The Imbalance of Coverage in American Protests


Cameron Speltz
Staff Writer

On Jan. 2, an armed citizen militia took over a federally owned building in a remote corner of Oregon, and, as of press time, remains there to this day despite law enforcement’s numerous attempts to remove them.

The group overran the headquarters of Malheur Wildlife Reserve in rural Burns, Oregon in a show of solidarity with a pair of ranchers that were re-sentenced to prison — unjustly, according to the group — on arson charges. Though many in the militia are heavily armed, and some have even threatened violence against law enforcement agents, the vocal leaders of the group claim that their occupation of federal land is merely a protest on for improved civil liberties in America.

An interesting feature of this event becomes apparent when you peruse the media’s coverage, as well as public opinion, of the occupation. While no mainstream news outlets actively endorse the Oregon occupiers — and often make their disdain for the protesters’ far-right politics clear — none outright bash them either. The protesters are universally depicted as peaceful complainants, with some sources even going as far as to defend them from criticism. For example, the Los Angeles Times recently ran an op-ed entitled “Are the activists occupying Malheur National Wildlife Refuge in Oregon ‘terrorists’?” (The answer provided: no.)

Compare this neutral portrayal of the Burns occupation to the coverage and response to the Black Lives Matter protests that have been springing up across America. The BLM protests have been largely peaceful and certainly have not involved armed militias (unless you count those of the police). Nevertheless, the response from the media has been overwhelmingly negative, with commentators from various sources depicting the BLM protestors as hooliganist thugs or delusional millennials — or perhaps just as bad, raising the digression of “all lives matter!”

Worse still is the difference in response from law enforcement to the events in Burns verses the law enforcement response to the various BLM protests across America. On Jan. 6, peaceful — and unsuccessful — talks were held between the county sheriff and the protesters, which Reuters described as a night of “pizza, rifles and tension.”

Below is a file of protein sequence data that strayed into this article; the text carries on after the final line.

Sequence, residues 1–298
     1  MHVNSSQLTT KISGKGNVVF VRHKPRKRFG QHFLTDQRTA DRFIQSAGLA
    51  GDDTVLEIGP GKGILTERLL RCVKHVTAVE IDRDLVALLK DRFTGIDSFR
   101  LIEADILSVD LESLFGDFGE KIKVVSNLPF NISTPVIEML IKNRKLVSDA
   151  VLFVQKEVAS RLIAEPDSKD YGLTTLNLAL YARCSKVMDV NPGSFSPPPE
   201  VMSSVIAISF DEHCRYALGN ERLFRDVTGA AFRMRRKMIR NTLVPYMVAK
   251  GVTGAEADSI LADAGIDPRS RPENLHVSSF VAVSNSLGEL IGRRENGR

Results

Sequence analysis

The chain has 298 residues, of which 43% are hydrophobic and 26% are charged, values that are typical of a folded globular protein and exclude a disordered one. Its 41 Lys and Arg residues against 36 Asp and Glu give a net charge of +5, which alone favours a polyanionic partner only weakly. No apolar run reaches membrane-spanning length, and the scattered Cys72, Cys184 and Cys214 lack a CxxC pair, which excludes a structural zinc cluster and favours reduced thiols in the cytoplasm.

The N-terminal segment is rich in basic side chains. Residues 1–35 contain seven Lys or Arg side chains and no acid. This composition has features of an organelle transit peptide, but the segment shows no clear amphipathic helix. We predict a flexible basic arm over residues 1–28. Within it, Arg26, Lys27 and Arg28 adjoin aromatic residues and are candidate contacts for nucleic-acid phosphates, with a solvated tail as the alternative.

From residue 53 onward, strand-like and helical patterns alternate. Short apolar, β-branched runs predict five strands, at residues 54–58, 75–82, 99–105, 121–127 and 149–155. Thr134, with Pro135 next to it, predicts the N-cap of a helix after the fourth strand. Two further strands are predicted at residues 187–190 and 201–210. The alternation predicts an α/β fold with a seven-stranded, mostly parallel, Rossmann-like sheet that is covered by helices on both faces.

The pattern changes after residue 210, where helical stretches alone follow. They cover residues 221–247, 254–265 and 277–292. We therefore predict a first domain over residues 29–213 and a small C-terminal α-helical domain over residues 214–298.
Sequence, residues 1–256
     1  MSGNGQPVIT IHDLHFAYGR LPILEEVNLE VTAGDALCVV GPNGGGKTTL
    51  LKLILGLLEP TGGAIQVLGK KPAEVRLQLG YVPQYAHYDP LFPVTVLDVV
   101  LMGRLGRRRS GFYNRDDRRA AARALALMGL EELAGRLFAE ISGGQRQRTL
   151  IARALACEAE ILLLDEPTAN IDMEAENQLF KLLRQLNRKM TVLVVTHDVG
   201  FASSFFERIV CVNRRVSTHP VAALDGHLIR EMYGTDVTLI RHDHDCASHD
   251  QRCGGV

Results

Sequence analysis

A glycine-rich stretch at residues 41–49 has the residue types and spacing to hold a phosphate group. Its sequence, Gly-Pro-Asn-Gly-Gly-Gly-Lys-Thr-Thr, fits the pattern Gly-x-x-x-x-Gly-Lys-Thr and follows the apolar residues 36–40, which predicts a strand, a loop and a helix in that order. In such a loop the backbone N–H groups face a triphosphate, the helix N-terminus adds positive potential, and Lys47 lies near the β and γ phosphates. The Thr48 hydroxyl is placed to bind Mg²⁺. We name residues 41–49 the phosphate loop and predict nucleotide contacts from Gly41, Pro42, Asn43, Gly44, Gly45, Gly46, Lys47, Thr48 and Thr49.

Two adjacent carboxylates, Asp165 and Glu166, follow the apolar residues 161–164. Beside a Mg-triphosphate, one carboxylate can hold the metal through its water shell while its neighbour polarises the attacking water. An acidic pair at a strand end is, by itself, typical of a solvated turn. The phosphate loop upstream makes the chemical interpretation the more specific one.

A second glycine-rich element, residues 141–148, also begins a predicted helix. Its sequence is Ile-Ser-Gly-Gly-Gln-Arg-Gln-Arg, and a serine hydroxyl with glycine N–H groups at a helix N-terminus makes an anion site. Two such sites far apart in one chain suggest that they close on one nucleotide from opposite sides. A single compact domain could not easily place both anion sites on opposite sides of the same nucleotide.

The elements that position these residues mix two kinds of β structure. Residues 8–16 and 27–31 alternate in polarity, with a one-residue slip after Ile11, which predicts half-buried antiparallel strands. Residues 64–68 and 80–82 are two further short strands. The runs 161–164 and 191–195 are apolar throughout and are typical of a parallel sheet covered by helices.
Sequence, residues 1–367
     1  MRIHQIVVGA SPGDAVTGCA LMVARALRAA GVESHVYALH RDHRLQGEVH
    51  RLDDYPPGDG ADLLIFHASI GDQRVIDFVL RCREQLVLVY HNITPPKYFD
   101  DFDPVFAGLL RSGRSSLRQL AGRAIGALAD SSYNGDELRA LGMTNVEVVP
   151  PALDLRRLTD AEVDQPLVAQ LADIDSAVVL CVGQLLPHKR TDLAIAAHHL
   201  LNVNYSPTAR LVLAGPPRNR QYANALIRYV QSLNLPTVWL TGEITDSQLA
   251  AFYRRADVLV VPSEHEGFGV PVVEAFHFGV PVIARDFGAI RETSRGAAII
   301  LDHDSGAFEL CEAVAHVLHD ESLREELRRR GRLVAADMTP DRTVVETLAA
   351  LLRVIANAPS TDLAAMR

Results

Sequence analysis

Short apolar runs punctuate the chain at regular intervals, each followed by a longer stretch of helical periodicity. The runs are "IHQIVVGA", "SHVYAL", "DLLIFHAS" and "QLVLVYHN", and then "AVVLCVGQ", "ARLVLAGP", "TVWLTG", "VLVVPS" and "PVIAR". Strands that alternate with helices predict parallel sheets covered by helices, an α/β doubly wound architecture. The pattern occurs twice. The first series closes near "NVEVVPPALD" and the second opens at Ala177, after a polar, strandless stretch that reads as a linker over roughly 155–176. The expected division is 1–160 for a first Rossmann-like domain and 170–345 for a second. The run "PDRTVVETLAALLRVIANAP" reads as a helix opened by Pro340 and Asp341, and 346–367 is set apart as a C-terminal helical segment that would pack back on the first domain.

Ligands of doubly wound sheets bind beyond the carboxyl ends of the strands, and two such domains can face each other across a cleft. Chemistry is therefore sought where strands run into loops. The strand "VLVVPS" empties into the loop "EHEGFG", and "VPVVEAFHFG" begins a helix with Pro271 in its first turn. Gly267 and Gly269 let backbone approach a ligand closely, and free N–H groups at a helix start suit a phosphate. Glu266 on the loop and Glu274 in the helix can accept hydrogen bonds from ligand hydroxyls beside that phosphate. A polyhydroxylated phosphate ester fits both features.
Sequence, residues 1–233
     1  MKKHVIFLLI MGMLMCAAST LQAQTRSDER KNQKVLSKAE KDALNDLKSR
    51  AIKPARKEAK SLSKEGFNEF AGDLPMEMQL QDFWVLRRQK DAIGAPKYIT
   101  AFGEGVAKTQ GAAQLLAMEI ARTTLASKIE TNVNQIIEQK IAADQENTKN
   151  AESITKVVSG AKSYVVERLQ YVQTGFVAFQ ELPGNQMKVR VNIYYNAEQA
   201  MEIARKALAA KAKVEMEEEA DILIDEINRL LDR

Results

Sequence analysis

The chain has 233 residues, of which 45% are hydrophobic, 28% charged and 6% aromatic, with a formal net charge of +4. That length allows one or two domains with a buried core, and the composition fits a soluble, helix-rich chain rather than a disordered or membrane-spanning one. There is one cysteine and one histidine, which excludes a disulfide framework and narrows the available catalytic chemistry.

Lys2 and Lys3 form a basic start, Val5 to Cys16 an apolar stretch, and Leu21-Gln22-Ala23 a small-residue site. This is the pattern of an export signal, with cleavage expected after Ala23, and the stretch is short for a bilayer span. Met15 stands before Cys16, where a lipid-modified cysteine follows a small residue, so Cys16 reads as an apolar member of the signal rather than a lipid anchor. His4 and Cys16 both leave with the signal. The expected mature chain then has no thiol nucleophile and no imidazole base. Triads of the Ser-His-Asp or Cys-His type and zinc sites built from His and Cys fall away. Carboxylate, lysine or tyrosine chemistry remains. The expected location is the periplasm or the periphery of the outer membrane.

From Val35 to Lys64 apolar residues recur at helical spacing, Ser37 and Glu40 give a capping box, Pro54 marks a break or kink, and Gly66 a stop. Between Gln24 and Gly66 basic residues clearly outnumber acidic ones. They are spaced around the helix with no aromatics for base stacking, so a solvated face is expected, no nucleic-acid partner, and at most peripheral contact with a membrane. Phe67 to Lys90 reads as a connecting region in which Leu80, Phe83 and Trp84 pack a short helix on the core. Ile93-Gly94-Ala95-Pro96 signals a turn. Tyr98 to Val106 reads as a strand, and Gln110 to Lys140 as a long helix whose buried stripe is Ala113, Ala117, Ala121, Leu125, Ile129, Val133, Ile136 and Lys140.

Far from involving pizza, on the other hand, the response to the BLM protests has been drastic and explosive. In late Dec. 2014, a protest in the Minneapolis, Minnesota Mall of America was met with a heavily armed, fully militarized police force.

How is it that the forcible occupation of Burns, Oregon is receiving almost spin-free coverage and non-violent police response, while the peaceful protests of the BLM campaign are met with almost paramilitary operations? This discrepancy has not gone unnoticed. Thought the media is by and large silent on the issue, social networks, namely Instagram and Twitter, are alive with discussions of the hypocrisy of the media and law enforcement.

Frequently, the users on these platforms point to the obvious culprit of the discrepancy: institutionalized racism. Rapper Talib Kweli, for example, posted a picture of the Mall of America incident with an eloquent comment claiming that “it seems that when armed white men make a stand, police remember their training and focus on deescalation out of respect for life.”

Though racism may certainly be a central component of the inconsistency in responses, the past may also be able to offer an explanation for the difference in tone.

In late 1992 and early 1993, two analogous events ensued between ideologically charged fringe groups and the U.S. government. In 1992, at the site of Ruby Ridge in Idaho, two men resisted arrest efforts by the FBI, the U.S. Marshals Service, and the ATF while safeguarded in a remote cabin. The result was three dead. In 1993, in the infamous Waco, Texas, a fortified compound was placed under siege. When the smoke cleared, 76 were killed.

Perhaps the underwhelming rebuttal from the media and from law enforcement in Burns is a result of the media is avoiding sensationalist coverage of the event, in order to refrain from escalating the tension of the showdown. And likewise, maybe law enforcement is not storming the Malheur Wildlife Reserve that was occupied because doing so in the past has resulting in massive loss of life.

Of course, both of those hypotheticals are nothing more than possibilities, but they might be true, and if they are, then they show that the entities of media and government are capable of changing their responses to peaceful protest. Those mere possibilities are enough to give me hope that change is possible, and BLM and other inevitable future protests will be able to express themselves.